Accepted paper:

Food as a matter of being: experiential continuity in transnational lives

Author:

Maja Povrzanovic Frykman (Malmö University)

Paper short abstract:

The analytical distinction between the ways of migrants’ transnational being and belonging suggests that the ubiquity of food parcels needs to be understood in relation to other objects that travel with them, and that the meanings of food need to be explored (also) beyond the lens of culture.

Paper long abstract:

This paper presents ethnographic material obtained between 2011-2013, among migrants with different socio-economic backgrounds from different countries who came to Sweden to seek asylum, employment, or education. It is based on the project "The Transnational Life of Objects: Material Practices of Migrants' Being and Belonging" (supported by The Swedish Research Council), which promotes a broad interest into how objects constitute the world experienced by migrants and their counterparts who stayed behind, and how objects enable these actors to be embedded in transnational social spaces of their own making. Virtually all research participants bring and receive food from their countries of origin. However, this paper suggests that the ubiquity of food parcels criss-crossing borders needs to be understood in relation to other kinds of objects that often travel with them, and that the importance and meanings of food need to be explored (also) beyond the lens of culture. The examples of food that travels from the countries of immigration to the countries of origin, as well as of food that can be bought in the place of immigration but is nevertheless transported from the place of origin, pose analytical challenges that are best met by employing a distinction between the ways of transnational being and belonging (Levitt and Glick Schiller 2004). Focusing on food as a matter of being, this paper probes three theoretical statements that emerged from the project. They concern: presence in another location, perceived normality, and the feeling of incorporation.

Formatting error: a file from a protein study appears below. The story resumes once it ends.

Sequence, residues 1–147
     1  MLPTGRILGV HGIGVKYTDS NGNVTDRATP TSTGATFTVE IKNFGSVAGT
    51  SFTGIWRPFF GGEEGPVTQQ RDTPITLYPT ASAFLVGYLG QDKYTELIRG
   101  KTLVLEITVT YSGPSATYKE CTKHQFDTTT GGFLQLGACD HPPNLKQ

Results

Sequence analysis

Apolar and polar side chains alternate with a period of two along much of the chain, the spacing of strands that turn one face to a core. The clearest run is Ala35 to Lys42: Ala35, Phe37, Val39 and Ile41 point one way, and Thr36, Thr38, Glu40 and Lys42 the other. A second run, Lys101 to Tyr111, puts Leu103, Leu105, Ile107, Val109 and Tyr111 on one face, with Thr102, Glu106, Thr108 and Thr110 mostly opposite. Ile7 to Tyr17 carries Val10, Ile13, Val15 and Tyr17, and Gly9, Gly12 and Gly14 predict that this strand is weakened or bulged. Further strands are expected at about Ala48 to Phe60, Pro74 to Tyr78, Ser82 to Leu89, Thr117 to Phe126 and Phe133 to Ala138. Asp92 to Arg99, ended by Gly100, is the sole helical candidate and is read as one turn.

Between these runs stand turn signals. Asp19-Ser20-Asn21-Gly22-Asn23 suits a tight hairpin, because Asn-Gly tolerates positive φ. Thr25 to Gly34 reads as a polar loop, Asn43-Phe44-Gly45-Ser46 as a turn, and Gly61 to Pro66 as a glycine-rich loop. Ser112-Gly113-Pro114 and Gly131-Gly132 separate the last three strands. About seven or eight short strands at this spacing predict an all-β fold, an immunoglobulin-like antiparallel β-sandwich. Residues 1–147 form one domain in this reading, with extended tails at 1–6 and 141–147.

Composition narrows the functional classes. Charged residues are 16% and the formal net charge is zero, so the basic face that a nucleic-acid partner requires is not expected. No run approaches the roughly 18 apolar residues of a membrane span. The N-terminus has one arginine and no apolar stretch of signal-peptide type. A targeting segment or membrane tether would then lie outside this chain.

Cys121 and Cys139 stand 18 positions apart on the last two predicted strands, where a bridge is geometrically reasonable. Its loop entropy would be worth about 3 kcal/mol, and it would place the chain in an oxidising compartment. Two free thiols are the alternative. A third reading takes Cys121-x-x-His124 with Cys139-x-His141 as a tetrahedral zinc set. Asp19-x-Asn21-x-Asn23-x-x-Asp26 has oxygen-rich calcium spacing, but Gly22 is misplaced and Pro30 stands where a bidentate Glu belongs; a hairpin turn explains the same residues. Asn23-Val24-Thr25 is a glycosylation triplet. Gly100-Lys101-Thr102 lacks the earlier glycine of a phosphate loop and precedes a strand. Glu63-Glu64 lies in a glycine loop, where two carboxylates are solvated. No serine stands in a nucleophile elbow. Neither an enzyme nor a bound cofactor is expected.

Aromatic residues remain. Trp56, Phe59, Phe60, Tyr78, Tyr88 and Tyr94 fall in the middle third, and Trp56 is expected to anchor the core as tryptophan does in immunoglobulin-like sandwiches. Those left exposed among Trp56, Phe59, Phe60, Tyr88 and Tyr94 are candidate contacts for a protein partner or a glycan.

panel P103
Food parcels: intimate connexions in transnational migration